If you have received IV sedation, a responsible adult must accompany you from the facility to home, and remain with you until the next morning.
GET PRESCRIPTIONS FILLED. (If you were not given a prescription for an anti-inflammatory, you make take Ibuprofen over the counter as directed on the bottle, if you have no allergies or sensitivities to it).
Take gauze out upon arriving home and GET SOMETHING SOFT TO EAT. (soup, yogurt, ice cream, jell-o, pudding, etc.)
REPLACE GAUZE after eating. Place moistened gauze over site and hold firm pressure for about 30-45 minutes. (you may then remove gauze and re-evaluate bleeding.) For minimal bleeding (quarter-size amount) do not replace gauze. It is normal to ooze for the first 24 hours but it should not be constant bright red. (if you run out of gauze use a moistened tea bag). If bleeding is excessive call our office.
TAKE MEDICATIONS AS DIRECTED. Make sure to eat before starting medications to avoid nausea. Please wait 30-45 minutes after eating before taking pain medication. Avoid alcoholic beverages. If an anti-inflammatory medication was not given, you can take Motrin or Ibuprofen 200mg, 3 tablets 3 times a day.
Restrict your activities the day of surgery and resume normal activity when you feel comfortable.
DRINK PLENTY OF FLUIDS. (to prevent dehydration) Avoid hot liquids or foods for the first 24 hours, in order to cut down on bleeding. Drink at least 5-6 glasses of liquid a day. If you suddenly sit up or stand from a lying position you may become dizzy. If you are lying make sure you sit for a minute before standing.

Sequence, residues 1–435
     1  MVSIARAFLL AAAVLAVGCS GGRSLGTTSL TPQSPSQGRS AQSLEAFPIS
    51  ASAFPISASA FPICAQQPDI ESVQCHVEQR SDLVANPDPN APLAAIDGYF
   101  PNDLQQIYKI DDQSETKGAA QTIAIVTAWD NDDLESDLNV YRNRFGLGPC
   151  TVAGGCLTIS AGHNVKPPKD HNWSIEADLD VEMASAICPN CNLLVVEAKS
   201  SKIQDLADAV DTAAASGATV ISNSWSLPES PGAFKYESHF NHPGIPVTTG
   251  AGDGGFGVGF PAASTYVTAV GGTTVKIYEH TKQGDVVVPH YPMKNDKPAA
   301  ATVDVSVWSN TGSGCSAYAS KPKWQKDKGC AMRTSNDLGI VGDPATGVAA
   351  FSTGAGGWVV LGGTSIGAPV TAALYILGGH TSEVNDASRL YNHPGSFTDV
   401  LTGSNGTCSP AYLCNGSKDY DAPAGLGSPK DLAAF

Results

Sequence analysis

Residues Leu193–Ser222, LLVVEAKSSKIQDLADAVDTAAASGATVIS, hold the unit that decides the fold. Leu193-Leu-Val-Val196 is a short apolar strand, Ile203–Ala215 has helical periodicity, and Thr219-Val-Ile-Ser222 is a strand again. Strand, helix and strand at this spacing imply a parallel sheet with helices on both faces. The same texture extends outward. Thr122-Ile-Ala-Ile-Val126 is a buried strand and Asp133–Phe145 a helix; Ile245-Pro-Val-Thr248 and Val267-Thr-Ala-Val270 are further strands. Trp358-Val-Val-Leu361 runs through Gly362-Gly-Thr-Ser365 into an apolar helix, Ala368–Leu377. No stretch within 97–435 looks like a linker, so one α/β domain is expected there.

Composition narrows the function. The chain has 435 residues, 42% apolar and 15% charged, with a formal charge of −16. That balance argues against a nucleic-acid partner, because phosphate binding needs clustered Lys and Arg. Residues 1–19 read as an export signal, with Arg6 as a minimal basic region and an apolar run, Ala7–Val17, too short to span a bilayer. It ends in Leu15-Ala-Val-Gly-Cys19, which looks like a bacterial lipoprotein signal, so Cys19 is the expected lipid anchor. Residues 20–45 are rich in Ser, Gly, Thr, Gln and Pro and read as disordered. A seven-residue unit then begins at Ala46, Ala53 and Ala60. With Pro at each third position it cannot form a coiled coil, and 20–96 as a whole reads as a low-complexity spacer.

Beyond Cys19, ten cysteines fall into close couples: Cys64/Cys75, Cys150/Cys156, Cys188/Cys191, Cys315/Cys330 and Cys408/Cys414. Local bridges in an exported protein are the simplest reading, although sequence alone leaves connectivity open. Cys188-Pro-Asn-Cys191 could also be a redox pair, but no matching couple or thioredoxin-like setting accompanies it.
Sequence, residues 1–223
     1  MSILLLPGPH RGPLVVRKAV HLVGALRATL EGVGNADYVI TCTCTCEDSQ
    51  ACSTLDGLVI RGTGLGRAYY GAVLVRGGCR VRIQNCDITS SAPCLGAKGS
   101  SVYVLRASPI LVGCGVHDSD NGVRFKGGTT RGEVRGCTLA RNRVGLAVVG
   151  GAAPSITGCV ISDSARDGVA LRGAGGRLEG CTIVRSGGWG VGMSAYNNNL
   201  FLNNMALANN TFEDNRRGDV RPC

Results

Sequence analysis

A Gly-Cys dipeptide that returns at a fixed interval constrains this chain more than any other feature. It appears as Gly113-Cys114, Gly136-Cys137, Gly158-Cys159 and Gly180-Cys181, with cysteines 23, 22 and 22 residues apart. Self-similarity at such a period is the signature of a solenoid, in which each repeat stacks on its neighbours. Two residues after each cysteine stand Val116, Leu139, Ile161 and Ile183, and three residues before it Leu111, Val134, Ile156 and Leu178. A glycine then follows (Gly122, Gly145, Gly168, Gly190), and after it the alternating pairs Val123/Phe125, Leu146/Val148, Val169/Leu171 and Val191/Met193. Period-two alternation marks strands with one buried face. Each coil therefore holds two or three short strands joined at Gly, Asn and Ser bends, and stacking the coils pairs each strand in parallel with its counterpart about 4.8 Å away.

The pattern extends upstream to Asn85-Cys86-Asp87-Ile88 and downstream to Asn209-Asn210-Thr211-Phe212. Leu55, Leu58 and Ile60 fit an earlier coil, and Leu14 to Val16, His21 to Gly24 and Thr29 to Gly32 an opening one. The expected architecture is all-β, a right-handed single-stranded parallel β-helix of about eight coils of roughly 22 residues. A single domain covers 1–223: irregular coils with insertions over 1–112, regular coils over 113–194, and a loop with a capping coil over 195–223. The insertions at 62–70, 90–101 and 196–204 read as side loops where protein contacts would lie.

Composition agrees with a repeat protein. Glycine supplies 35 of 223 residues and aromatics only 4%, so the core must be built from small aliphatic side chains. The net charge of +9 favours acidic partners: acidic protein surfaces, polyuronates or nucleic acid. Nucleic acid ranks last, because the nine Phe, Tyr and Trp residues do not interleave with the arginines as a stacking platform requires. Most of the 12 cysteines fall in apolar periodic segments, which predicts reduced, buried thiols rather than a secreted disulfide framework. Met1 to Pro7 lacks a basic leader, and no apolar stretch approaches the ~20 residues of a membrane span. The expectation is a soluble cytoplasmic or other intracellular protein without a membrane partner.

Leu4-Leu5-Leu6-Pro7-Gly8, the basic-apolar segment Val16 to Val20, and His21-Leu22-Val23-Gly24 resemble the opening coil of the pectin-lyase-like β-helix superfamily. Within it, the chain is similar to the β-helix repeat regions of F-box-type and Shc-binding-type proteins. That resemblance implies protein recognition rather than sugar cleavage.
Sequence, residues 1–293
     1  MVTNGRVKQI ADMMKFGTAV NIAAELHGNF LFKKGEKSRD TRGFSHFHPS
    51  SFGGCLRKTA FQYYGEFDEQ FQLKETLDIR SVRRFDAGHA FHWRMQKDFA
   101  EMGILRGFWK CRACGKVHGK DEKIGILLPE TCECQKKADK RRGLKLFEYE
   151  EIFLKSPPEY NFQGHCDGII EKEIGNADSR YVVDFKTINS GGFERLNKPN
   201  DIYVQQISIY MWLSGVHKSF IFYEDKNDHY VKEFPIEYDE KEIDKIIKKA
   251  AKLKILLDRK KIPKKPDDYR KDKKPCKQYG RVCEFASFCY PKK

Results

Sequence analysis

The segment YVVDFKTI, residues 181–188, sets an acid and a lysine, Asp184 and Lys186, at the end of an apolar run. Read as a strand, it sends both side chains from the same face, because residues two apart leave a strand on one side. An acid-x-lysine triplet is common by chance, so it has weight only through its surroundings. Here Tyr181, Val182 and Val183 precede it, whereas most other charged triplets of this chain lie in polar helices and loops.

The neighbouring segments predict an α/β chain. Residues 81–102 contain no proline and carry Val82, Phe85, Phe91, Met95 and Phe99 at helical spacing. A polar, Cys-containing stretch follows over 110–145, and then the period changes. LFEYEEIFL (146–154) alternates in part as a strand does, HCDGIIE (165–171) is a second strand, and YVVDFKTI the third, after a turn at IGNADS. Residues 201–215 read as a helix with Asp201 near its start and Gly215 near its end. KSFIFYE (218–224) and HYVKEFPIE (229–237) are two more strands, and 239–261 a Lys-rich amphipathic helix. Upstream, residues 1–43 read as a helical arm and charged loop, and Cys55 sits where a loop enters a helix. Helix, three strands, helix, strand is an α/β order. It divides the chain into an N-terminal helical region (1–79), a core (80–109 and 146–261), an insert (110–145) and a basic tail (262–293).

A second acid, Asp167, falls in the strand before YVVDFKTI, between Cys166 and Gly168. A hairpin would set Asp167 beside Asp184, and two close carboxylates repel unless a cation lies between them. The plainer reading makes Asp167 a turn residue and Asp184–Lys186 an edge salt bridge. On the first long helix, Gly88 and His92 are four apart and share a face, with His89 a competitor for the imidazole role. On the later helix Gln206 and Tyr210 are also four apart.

BRUISING is bleeding under the skin and may appear a blue or black discoloration which then fades to brown, green, and yellow. Swelling and bruising will tend to move down into the neck and sometimes even to the chest, due to gravity over time. This is normal and requires no treatment, unless swallowing or breathing is impaired.
SWELLING is often associated with oral surgery. Keep your head elevated while resting or sleeping for 3-5 days after surgery to minimize swelling. Swelling may be worse on you third day after surgery. Try using a cold pack, ice bag, or frozen peas wrapped in a towel and applied to the cheek adjacent to the surgical site. This should be applied for 20 minutes on and 20 minutes off for the first 24 hours. After the first 24 hours swelling or jaw stiffness may be relaxed by applying warm moist heat or a heating pad throughout the day several times a day. (If you have been prescribed medication for the swelling take it as directed.)
FOR THE NEXT 3-5 DAYS it’s good to stick with softer foods so not to disturb the surgical site and avoiding things hot so not to start excessive bleeding. Gradually return to diet as tolerated. DO NOT SMOKE. This slows the healing process and can cause bleeding also.
Be sure to continue good oral hygiene to keep surgical site clean. You may rinse with salt water several times a day after the first 24 hours and continue to until healing is complete. A CLEAN WOUND HEALS BETTER AND FASTER.
You may have dissolvable sutures in place. If these were to come out today, that is Okay, we would not have to replace them. We do encourage you not to disturb them so that they will help slow bleeding.
You should plan to see your orthodontist within about 14 days to activate the eruption process with traction if a bracket and chain is applied.
If necessary, your phone message and chart will be given to Dr. Williams to address any further questions or concerns. Please be sure to provide a phone number where you can be reached in the evening.
Prescription refills will only be called in during regular business hours, as your records need to be available for Dr. Williams.
Dr. Williams will not be able to refill a controlled substance prescription after office hours.
After hours, or on days the office is closed, Dr. Williams can be paged through our answering service for urgent or emergency calls only. If your call is not returned within 30 minutes, please contact the answering service again. Please remember Dr. Williams may be handling emergencies.